Iraqi Security Forces Ask Why US Defences in Baghdad Weren’t Working During UAV Attack on PM’s Home
19:02 GMT 08.11.2021 (Updated: 19:33 GMT 08.11.2021)
Iraqi Prime Minister Mustafa al-Kadhimi survived an assassination attempt early Sunday morning after three drones targeted his residence, situated in the heavily fortified area of Baghdad known as the Green Zone. In addition to the prime minister’s home, the area houses the US Embassy and other diplomatic buildings.
Iraq’s Joint Operations Command (JOC) is asking why the US military’s counter rocket, artillery and mortar (C-RAM) installations appeared to have been inoperable during Sunday morning’s attack on the prime minister’s residence.
“We are currently discussing the matter with the American side and officials from the US Embassy. This is an issue that experts should throw light on and explain,” JOC spokesman Maj. Gen. Tahsin al-Khafaji said, his remarks cited by
While operational, the C-RAM system sounds sirens to warn of potential incoming attacks, and fires off rapid-fire machineguns to shoot down hostile air targets. The system was installed and activated last year amid repeated strikes on the Green Zone by militia rocket artillery following the January 2020 US assassination of Qasem Soleimani, a senior Iranian anti-terror commander. After its installation, the system has been repeatedly used to protect Green Zone airspace. However, it has not always been accurate, with a volley of rockets launched into the Green Zone in February failing to activate the system
, reportedly after it was projected that the rockets would not land within the diplomatic compound.
7 November 2021, 14:56 GMT
Shia Militias Suspicious
Mahmoud al-Rubaie, a spokesperson for the Al-Sadiqoun Bloc, the political wing of the Asa’ib Ahl al-Haq Shia paramilitary group, has alleged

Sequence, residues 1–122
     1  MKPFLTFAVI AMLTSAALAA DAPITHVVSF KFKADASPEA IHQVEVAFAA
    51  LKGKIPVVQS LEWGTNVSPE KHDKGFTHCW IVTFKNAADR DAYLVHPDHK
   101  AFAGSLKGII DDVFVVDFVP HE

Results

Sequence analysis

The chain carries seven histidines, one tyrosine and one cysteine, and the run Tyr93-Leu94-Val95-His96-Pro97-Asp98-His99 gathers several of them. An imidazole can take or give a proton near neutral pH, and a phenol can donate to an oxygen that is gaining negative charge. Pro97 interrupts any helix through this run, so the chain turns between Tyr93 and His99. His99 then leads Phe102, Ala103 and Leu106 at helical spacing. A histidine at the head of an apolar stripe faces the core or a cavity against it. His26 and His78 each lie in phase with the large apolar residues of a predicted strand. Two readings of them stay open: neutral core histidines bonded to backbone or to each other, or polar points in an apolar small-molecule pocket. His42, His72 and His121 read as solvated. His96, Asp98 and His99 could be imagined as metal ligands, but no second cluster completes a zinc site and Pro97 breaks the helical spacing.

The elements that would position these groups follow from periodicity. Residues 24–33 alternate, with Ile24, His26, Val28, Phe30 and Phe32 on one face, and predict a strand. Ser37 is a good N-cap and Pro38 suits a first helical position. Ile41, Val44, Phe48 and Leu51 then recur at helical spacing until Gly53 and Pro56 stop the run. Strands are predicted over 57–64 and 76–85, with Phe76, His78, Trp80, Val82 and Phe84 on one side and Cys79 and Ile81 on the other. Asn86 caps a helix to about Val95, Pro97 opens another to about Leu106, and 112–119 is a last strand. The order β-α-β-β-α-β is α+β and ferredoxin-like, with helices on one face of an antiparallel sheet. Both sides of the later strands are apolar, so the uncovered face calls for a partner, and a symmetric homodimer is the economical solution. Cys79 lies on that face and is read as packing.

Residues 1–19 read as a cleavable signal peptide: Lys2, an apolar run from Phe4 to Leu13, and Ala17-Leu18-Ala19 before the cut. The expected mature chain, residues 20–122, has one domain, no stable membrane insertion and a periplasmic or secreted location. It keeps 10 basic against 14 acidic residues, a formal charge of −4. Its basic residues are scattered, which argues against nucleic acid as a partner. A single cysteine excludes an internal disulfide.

that the reported deactivation of the US C-RAM installations during the attempt on al-Kadhimi’s life may be an indication that the incident was a false-flag attack.
He went on to claim
that “the fictitious explosion and gunfire” at the prime minister’s residence were “meant to conceal yesterday’s crimes, and destined to engage public attention,” in reference to the violent clashes between security forces in Baghdad and protesters demonstrating against the results of the 10 October election, which some Iraqi parties allege were ‘rigged’, on Friday.
No group has claimed responsibility for Sunday’s attack. However, Asa’ib Ahl al-Haq was put under the spotlight Sunday after its leader, Qais al-Khazali, was seen in a viral clip warning that the prime minister would be made to “pay the price” for violence against the protesters.
Abu Ali al-Askari, a senior commander in Iraq’s Kata’ib Hezbollah militant group, also challenged the assassination plot narrative, claiming that “no one in Iraq is willing to squander a drone and fly it over the prime minister’s residence,” and alleging that “playing the victim is a timeworn tactic.”
Sheikh Ali al-Asadi, chief of the political council of the al-Nujaba Movement, another Iraqi Shia paramilitary group, also alleged foul play in Sunday’s incident, suggesting that the Americans were trying to unleash chaos in Iraq.
“All evidence and signs indicate that the American Embassy is involved in the incident,” he claimed. “If the evil American Embassy is found responsible for the attack, the seditionist US ambassador must then be expelled from Iraq,” al-Asadi insisted.
7 November 2021, 07:23 GMT
Al-Kadhimi emerged unscathed in the wake of Sunday’s bomb-laden drone attack, with the incident leaving six security guards injured and causing damage to the prime minister’s residence. Al-Kadhimi took to twitter to call for calm. Later, in an extraordinary session of the council of ministers, he promised to “pursue the perpetrators of Sunday’s crime,” saying the government “know[s] them very well and…will expose them.”
The army was deployed across the capital in the aftermath of the attack to maintain order.
Iraqi President Barham Salih, powerful Shia cleric Muqtada al-Sadr, Kurdistan Region president Nechirvan Barzani and others each condemned the attack
and expressed relief that al-Kadhimi wasn’t hurt. Brig. Gen. Esmail Qaani, commander of Iran’s Revolutionary Guard Quds Force, reportedly flew to Baghdad
on Sunday afternoon to meet with al-Kadhimi and Salih and call for calm and stability.
Tehran slammed the attempt on the prime minister’s life. Foreign Ministry spokesman Said Khatibzadeh indirectly accused the US of involvement, saying
Sunday “such incidents are in the interest of those who have violated the stability, security, independence and territorial integrity of Iraq over the past 18 years.”
The US State Department offered assistance to investigate
the incident. President Joe Biden “strongly condemned”
Sunday’s attack, and praised al-Kadhimi for his “calm” and “restraint” in protecting Iraq’s state institutions and “strengthening” the war-torn nation’s democracy.
7 November 2021, 18:02 GMT